My November 2009 Patently-O article “In Defense of Software Patents” produced hundreds of comments. Many wrote that they were against the patenting of software because software was an “algorithm” or “mathematics”. In that article my primary argument was that a computer software invention is as patentable as a computer hardware invention and the only difference is the mode of implementation. My thesis was that Software Product companies in the Software Industry are looking to patent a machine process and not a computer program, which is protected by the copyright law. I showed why software product companies can be viewed as high technology manufacturing entities and should be just as eligible for patent protection as computer hardware companies.   


In this article I give examples of patents where the preferred implementation of an inventive machine process is in software (via a computer program[3]), hardware (via circuitry), or a combination of both software and hardware.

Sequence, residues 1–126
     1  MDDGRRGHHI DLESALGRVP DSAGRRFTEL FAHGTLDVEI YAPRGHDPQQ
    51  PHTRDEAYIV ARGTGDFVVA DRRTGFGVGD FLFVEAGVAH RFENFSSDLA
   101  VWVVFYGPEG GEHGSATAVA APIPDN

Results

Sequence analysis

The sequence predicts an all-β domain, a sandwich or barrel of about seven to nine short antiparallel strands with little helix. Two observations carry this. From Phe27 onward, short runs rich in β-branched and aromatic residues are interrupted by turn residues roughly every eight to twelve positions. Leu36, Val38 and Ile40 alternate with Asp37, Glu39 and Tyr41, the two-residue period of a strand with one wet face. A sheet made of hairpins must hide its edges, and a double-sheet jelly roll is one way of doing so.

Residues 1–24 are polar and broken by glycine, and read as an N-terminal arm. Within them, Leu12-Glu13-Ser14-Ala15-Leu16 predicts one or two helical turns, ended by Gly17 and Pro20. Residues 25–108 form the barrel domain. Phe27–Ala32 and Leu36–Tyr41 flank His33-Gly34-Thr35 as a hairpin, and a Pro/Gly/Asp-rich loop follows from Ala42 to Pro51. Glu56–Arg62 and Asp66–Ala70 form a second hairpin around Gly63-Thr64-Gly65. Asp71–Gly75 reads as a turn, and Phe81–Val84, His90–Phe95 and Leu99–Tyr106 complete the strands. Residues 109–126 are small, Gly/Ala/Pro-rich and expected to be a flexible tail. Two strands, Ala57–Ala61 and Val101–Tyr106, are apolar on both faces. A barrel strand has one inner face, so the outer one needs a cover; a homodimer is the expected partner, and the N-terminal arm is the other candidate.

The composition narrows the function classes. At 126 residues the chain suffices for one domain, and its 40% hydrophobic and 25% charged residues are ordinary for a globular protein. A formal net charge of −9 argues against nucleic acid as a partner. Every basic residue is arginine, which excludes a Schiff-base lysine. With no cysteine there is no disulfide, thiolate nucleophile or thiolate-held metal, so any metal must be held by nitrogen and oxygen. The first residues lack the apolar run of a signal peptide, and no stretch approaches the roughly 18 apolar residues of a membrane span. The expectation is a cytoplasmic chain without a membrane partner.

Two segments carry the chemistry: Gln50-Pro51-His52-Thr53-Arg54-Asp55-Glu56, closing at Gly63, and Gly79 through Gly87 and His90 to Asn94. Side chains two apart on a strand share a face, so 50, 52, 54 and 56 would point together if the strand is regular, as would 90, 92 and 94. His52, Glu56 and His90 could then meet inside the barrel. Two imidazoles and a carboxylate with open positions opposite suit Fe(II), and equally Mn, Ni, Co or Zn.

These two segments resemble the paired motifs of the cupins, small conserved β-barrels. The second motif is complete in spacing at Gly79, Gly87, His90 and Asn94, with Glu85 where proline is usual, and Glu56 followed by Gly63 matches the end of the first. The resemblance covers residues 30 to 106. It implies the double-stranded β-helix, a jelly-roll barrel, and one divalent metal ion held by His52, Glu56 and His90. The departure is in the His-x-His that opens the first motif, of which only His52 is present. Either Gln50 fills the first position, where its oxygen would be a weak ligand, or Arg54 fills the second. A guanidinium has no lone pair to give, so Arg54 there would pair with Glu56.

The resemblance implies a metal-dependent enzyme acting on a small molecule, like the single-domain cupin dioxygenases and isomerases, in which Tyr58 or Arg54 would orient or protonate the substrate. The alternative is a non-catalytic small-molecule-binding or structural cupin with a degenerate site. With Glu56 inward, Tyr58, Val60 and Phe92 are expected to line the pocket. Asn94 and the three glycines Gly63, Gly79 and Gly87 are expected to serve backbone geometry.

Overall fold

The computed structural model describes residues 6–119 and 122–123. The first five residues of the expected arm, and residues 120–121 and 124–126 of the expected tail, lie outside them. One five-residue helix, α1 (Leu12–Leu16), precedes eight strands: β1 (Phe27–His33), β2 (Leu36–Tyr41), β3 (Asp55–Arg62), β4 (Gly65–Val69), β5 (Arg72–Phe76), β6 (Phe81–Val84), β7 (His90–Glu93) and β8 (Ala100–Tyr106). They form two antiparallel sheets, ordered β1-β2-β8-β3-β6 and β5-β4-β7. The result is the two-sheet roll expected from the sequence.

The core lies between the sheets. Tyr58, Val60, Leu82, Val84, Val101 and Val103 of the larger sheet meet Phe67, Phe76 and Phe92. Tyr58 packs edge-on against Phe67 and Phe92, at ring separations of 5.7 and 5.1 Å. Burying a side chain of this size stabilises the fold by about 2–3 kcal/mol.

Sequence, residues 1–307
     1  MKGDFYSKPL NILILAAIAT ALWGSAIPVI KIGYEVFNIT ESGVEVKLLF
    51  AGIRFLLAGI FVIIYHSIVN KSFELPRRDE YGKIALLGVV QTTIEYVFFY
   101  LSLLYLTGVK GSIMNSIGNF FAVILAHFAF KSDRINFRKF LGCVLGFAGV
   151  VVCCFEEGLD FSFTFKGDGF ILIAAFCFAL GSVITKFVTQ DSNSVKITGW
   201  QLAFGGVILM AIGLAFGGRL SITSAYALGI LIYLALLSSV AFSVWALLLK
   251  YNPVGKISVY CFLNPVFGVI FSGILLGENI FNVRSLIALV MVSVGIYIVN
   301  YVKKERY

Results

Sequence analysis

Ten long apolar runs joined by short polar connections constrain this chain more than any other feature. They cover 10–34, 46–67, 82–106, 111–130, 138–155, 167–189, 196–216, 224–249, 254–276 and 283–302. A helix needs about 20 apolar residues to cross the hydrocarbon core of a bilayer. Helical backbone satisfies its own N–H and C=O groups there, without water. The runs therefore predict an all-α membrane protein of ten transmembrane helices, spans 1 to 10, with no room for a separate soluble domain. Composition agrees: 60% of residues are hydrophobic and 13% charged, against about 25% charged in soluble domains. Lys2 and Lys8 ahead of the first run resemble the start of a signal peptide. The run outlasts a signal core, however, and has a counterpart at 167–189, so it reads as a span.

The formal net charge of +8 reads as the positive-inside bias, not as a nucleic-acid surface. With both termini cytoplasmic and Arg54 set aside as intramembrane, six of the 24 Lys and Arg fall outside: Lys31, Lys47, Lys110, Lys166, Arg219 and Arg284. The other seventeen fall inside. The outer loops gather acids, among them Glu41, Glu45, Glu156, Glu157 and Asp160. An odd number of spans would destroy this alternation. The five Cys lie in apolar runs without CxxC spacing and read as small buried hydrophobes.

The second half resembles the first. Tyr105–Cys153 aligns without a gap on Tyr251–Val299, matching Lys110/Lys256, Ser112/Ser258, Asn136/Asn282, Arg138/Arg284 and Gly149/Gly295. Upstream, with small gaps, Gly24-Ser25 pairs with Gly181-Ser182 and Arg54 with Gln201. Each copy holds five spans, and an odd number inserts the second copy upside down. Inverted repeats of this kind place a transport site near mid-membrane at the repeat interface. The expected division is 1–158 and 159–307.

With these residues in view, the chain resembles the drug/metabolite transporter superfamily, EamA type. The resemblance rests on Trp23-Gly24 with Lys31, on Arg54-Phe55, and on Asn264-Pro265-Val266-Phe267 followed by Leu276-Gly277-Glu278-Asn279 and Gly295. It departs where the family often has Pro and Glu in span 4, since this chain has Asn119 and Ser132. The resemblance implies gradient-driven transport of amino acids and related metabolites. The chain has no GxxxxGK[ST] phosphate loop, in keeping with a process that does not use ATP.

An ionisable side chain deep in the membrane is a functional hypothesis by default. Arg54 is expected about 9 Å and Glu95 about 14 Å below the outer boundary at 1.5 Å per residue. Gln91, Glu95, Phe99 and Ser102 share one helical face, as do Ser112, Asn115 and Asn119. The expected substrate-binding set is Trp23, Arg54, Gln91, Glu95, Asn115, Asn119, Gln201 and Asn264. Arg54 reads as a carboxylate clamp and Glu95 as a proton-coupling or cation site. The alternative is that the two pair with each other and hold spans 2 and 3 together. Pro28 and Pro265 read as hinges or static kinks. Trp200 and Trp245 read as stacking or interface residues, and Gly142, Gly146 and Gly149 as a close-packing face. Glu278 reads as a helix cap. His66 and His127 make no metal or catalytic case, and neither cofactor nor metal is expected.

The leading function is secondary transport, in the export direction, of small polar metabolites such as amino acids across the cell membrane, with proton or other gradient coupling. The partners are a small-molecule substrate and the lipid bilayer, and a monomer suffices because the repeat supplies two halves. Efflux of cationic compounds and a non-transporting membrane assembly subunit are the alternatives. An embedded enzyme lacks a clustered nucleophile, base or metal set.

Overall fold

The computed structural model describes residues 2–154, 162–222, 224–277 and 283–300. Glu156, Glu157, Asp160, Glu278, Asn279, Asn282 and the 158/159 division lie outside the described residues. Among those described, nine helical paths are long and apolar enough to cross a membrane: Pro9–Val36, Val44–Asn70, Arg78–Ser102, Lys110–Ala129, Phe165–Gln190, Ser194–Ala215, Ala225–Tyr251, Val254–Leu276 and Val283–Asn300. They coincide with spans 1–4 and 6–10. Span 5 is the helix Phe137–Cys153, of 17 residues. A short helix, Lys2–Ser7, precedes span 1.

There is little argument that “processes” and “machine processes” are patentable subject matter[4] The question has always been about the nature of software and what one is trying to patent. For over 40 years I have been involved in that argument since I received the first software patent in 1968 for an innovative way to sort large amounts data on a computer that had tape drives that could only read and write data in a forward direction (See Patent # 3,380,029, Sorting System, Issued April 23, 1968).